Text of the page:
Route 66 will continue to surprise you on this leg as you travel through Oklahoma and on into Texas, the Lonestar State. The modern cities are still awash with memorabilia and memories from the past, and even the smaller towns such as El Reno and Elk City are still proudly identifying themselves as Route 66 attractions. Added curiosities along this leg include an eerie abandoned ghost town and the ‘Grand Canyon of Texas’ just outside your next major destination.
Tulsa, Oklahoma is a hive of activity, with both contemporary attractions and throwbacks from Route 66’s rich past. It blossomed in the 20s and 30s during the oil boom, and much of the architecture and designs from that time remain to this day. To focus on attractions related to this strip of road through America, start with a visit to the Route 66 Village on Southwest Boulevard, which is an open-air museum that makes you feel like you’ve taken a step back in time to see the town in its former glory. Cain’s Ballroom has been around since 1924, and while it was once a dime-a-dance hall, it’s now a historic, premiere performance venue. The Tulsa Art Deco Museum is worth visiting just to see the structure itself, but what’s inside includes much more from this bygone era.
Leaving Tulsa, continue following the Interstate 44 on to Oklahoma City.
Oklahoma City is the biggest town along this leg, and it’s also something of a treasure trove for Route 66 fans. The town is known as a cowboy capital, so the National Cowboy & Western Heritage Museum is a must for old-school history buffs with more than 28,000 Western and American Indian artifacts and artworks. The Oklahoma City National Memorial is an emotional tribute to the city’s bombing in 1995 that changed the city forever. As for specific Route 66 attractions, the Milk Bottle Grocery is one of the most famous, with its massive milk bottle atop a tiny red brick building. The Tower Theatre closed down in 1989, but as part of a Route 66 Preservation Project, the venue is set to reopen for public use in 2016 while still keeping its retro facade and atmosphere. And it’s hard to miss Ann’s Chicken Fry House, with its pink Cadillac parked outside and 50s theme inside.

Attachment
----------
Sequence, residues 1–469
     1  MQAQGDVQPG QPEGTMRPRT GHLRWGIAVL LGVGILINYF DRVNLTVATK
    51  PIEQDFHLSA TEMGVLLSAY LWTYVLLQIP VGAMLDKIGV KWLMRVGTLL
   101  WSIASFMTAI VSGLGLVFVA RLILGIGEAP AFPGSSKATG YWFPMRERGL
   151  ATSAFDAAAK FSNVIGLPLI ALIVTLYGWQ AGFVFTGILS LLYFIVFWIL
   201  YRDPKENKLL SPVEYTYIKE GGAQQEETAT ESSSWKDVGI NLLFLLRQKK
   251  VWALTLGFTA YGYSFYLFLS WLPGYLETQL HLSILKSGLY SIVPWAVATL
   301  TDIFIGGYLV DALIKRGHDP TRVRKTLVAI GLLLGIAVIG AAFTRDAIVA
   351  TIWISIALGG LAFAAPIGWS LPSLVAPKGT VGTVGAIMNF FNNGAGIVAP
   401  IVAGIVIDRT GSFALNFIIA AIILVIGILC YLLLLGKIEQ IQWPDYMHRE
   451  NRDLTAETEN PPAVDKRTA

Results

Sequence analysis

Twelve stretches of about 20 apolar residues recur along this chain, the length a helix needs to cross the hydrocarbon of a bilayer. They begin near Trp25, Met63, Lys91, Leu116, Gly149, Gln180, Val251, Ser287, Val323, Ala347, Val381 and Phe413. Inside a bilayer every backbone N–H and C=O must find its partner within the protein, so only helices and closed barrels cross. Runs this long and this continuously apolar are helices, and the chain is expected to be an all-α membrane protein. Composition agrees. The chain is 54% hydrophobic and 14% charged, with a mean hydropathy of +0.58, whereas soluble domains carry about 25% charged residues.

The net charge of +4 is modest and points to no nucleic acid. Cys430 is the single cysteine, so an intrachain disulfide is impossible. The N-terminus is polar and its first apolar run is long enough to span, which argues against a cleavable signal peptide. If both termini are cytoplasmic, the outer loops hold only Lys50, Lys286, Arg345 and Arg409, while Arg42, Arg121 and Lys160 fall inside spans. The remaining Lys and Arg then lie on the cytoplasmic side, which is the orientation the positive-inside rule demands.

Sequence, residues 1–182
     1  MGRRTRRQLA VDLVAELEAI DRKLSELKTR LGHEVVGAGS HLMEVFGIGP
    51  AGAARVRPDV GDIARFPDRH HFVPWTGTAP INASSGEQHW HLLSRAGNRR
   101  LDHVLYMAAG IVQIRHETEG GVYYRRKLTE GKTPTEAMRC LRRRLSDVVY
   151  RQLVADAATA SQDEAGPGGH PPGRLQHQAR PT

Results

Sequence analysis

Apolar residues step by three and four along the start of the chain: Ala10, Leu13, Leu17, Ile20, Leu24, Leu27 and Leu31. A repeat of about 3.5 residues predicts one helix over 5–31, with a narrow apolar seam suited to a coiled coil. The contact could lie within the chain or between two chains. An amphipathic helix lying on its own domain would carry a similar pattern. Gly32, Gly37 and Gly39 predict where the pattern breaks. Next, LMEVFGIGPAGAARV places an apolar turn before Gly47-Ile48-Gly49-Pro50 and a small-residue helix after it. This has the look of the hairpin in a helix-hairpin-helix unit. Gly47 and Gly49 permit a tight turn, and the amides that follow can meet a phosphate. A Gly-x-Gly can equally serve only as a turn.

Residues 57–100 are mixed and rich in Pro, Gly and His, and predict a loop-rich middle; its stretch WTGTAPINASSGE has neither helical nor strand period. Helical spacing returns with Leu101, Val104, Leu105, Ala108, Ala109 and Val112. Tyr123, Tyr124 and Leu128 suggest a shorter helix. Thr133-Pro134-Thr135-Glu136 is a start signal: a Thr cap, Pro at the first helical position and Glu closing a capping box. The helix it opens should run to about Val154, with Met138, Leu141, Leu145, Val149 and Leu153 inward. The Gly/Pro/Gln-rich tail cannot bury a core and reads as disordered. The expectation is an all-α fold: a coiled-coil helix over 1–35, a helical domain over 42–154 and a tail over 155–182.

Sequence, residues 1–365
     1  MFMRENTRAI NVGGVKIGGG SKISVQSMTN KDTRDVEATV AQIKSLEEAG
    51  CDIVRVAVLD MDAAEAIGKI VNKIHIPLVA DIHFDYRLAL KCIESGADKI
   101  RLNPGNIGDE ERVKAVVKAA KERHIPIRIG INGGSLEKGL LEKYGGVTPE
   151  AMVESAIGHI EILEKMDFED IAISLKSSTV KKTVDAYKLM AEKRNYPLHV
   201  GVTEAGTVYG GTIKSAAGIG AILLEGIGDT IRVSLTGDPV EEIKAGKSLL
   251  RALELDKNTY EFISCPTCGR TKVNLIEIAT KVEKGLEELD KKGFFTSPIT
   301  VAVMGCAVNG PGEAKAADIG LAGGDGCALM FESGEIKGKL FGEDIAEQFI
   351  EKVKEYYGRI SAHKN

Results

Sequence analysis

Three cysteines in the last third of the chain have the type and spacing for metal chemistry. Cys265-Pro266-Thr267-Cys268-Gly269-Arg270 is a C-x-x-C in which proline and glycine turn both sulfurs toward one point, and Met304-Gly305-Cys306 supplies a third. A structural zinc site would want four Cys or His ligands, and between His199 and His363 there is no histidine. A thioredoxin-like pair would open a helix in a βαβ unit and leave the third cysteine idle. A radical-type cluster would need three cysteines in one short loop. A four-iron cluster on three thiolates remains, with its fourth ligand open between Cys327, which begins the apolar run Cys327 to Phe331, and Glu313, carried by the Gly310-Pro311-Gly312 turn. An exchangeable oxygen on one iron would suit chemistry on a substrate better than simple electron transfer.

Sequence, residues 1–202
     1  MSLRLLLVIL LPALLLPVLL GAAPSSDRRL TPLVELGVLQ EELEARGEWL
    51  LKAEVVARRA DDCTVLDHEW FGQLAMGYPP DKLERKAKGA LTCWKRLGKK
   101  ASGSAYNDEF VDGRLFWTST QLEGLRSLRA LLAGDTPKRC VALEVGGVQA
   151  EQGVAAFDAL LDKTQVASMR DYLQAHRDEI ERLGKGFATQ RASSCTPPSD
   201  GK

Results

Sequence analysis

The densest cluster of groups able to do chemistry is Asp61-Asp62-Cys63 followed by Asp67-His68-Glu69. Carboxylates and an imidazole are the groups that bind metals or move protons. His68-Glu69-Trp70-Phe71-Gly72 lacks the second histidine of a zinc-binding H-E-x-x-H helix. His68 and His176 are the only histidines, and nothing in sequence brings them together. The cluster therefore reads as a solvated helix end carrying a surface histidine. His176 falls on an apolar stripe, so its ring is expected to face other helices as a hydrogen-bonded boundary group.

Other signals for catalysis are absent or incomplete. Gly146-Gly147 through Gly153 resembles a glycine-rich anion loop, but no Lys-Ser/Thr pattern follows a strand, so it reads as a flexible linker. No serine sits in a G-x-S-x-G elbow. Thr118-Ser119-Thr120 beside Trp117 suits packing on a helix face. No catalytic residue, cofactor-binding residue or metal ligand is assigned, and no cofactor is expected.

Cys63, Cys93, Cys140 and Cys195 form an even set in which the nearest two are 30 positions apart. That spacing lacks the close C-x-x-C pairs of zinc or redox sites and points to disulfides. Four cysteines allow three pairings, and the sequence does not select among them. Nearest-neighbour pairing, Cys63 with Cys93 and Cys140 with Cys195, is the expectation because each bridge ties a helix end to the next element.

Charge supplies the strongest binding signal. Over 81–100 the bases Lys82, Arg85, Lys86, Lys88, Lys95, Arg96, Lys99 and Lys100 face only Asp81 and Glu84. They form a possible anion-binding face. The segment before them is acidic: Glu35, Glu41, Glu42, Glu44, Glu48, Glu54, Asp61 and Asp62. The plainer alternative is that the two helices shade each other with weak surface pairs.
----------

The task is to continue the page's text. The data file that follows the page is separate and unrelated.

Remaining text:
When you drive away from Oklahoma City, you’ll be saying goodbye to the I-44 and continuing on the I-40 towards El Reno to the west.
While El Reno has some great antique stores as a nod to Route 66 among other attractions, there’s really only one thing the town is famous for - hamburgers. On the first Saturday of each May, the city puts on the Fried Onion Burger Day Festival (it’s a thing), and cooks up a ginormous burger that weighs 750 pounds. There’s only so much burger a person can handle, however, so the festival also includes a car show, a craft show, and live entertainment. If you’re in town throughout the rest of the year, don’t drive through without stopping at one of the burger joints that sits on Route 66 and helps give the town its reputation. Sid’s Diner, Robert’s Grill, and Johnnie’s Grill have all been around for decades, each offering the fried onion burgers the town is known for.
Foss is a town that isn’t really a town. It once boasted a population of more than 500 people, but after the building of the I-40 bypassed the town, it quickly dwindled away. Slowly, the inhabitants of Foss packed up and left, leaving empty shells of houses throughout the town. Today, it’s a fascinating ‘ghost town’, an eerie place where you can wander around the ruins. The only places left standing are the old church that was built in 1894, and the prison.
Elk City in Oklahoma is roughly half way along Route 66 - the perfect place to check out the National Route 66 & Transportation Museum. The museum is like a Route 66 in miniature, as it takes you through the entire road trip of eight states, complete with information about attractions and history along the way. You can cruise down the route in a pink Cadillac from the 50s, or watch a drive-in black and white movie whilst sitting in a classic Chevy Impala. It wouldn’t be a Route 66 attraction without something ‘giant’, so don’t forget to grab a photo with the two-storey kachina doll, Myrtle, out the front of the museum. Also on site are the Old Town Museum with artifacts from early pioneer life, the Farm & Ranch Museum, and the Blacksmith Museum.
The Palo Duro Canyon State Park is only 30 minutes south of Amarillo, but it’s the perfect last stop on this leg of the trip. They call it the ‘Grand Canyon of Texas’, but while it might look similar, the Palo Duro Canyon has many attributes that makes it special all on its own. Humans have lived in the canyon for an estimated 12,000 years, and in that time, it was a hunting ground for large animals such as giant bison and mammoth. At 120 miles long, it’s a little under half the length of the Grand Canyon, but this 20-mile wide and 800-feet deep canyon is still sizable. Its name translates as ‘hard wood’ in Spanish, and today you can visit the park for camping, hiking, and biking - as well as sightseeing.